Active for over 30 years, with a 10 year break in the middle, Contrastate‚Äôs idiosyncratic take on challenging, industrial tinged music has certainly changed and evolved through the years, as this compilation indicates. What has not changed though, is a dark sarcasm that injects just the right amount of absurdity into their otherwise dour works. Collecting various singles, compilation pieces, and unreleased material onto one CD, it makes for an excellent career overview.
The opening "Taste the Waste for the Human Race," a b-side from 1993, sets the tone for this set of songs pretty well: gently malignant loops meshed with treated guitar and down pitched vocals. There is certainly a conventional music undercurrent here, but bent and twisted into something else entirely. There‚Äôs that same broken music feel to "The People Who Control the Information" from 2017's Your Reality is Broken tribute album, which is an odd combination of erratic synths, protest chant like vocals, and eventually an almost hip-hop rhythm loop constructed from noisy fragments. "The Silent Fish," released in 2018 as part of a Troum tribute/compilation continues the dramatic spoken word and sweeping synthesizers, but with a great bass guitar like distorted passage and subtle percussion beneath it all, it makes for a particular standout.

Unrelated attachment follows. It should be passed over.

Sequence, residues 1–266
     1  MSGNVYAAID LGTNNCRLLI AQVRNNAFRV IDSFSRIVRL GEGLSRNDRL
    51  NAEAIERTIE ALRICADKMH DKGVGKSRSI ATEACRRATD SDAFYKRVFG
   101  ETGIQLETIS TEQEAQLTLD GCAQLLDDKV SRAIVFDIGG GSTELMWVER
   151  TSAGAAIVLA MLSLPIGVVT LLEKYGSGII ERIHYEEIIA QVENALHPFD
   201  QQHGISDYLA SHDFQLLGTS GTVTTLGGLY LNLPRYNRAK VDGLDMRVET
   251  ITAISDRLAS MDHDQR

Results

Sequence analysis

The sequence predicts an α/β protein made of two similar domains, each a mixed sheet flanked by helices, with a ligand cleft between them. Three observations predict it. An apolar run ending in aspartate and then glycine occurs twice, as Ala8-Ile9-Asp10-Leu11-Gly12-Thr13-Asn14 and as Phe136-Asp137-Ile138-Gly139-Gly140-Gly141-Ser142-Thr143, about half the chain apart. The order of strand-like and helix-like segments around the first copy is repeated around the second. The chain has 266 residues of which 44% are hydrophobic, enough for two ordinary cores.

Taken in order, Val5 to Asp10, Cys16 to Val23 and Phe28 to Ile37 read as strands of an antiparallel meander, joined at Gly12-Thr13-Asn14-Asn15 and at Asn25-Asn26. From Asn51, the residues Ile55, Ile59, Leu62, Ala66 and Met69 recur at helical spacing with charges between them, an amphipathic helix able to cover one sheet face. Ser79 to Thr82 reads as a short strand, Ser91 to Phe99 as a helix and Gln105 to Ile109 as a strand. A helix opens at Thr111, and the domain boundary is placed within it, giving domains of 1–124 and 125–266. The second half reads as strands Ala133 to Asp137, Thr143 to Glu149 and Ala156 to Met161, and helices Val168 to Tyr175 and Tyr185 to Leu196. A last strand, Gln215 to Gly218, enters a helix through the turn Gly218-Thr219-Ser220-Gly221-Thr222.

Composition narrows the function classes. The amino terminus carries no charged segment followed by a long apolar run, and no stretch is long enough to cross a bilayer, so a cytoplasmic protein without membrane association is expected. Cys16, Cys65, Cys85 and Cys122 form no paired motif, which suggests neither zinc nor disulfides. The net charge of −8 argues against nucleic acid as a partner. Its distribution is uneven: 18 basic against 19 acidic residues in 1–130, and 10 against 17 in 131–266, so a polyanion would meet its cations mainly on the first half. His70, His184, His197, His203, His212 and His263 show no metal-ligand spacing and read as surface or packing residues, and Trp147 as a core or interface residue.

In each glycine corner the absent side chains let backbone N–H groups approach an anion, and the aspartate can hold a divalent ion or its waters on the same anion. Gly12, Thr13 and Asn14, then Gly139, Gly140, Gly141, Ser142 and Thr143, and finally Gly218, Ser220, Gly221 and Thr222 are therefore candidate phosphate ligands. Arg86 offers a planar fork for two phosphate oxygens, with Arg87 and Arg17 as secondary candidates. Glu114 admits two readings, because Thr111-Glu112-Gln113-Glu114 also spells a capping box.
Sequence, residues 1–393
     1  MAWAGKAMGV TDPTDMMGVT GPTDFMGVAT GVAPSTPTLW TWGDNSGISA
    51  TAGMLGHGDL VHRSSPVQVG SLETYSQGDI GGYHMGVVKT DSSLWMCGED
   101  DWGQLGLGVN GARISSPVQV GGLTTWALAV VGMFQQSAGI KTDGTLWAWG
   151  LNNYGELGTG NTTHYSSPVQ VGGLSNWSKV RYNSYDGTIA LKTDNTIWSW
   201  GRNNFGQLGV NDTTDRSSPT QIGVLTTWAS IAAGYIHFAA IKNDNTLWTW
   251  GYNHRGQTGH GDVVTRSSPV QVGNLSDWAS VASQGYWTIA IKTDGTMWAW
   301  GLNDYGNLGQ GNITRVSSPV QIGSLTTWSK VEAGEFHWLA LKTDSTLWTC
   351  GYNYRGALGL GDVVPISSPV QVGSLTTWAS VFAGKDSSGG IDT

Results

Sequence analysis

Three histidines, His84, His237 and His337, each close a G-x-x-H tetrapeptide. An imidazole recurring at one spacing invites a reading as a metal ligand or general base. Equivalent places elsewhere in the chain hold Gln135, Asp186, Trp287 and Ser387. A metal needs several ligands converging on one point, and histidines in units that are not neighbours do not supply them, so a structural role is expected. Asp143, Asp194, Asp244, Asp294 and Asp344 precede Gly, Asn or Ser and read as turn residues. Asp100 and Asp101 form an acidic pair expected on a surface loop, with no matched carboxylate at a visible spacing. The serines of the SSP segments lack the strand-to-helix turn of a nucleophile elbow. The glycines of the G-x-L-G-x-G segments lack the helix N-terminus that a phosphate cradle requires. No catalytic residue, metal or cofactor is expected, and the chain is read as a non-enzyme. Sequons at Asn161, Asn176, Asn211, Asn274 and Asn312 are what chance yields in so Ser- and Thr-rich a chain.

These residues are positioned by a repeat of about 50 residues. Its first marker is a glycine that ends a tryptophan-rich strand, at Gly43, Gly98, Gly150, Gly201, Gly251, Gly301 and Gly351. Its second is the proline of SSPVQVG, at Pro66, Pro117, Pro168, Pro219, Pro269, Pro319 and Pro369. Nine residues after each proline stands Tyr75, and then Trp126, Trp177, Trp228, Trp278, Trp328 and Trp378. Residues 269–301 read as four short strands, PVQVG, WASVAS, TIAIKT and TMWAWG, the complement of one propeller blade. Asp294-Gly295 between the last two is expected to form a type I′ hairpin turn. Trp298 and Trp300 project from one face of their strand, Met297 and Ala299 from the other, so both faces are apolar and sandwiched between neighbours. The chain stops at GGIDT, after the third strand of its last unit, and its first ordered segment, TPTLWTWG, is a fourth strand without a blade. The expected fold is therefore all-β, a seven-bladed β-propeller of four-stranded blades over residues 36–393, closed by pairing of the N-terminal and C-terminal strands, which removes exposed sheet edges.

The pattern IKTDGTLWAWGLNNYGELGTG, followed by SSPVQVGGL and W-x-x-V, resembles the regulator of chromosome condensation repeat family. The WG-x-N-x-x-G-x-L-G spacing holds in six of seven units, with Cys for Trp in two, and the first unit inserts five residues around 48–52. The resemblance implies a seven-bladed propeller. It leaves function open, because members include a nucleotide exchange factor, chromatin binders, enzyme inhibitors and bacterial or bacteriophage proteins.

The droning electronics, spoken word, and crying baby recordings on 1994's "English Embers" captures their more challenging style. Similarly abstract is "True Believer," which is all grandiose piano, voices, and a chaotic low-bit rate sheen to it all. "Revolution Sera la Nom de la Civilisation" almost resembles Contrastate's take on traditional power electronics: pulsating electronics, low end rumble, and guttural vocals (albeit in French). All the elements of that genre are there, but there‚Äôs a cleanliness to the proceedings that make it sound utterly unique. There is a RLW/Ralf Wehowsky treated unreleased piece from 1999, "From the Opened Red Lips," that represents perhaps the most out there piece: a short burst of sputtering vocal treatments and insect buzzing.
I know Recorded Evidence II is a singles/compilation/unreleased material compilation, but it melds together like a traditional album, while still giving an overview of nearly 30 years worth of content. At times difficult, and at times almost catchy, Contrastate covers a bit of everything in their sound, and that black humor component (which is also well reflected in the liner notes, and I cannot find any indication there was ever a Recorded Evidence I) makes for a project that I can never predict what they will sound like next, but I know it will be fascinating no matter what.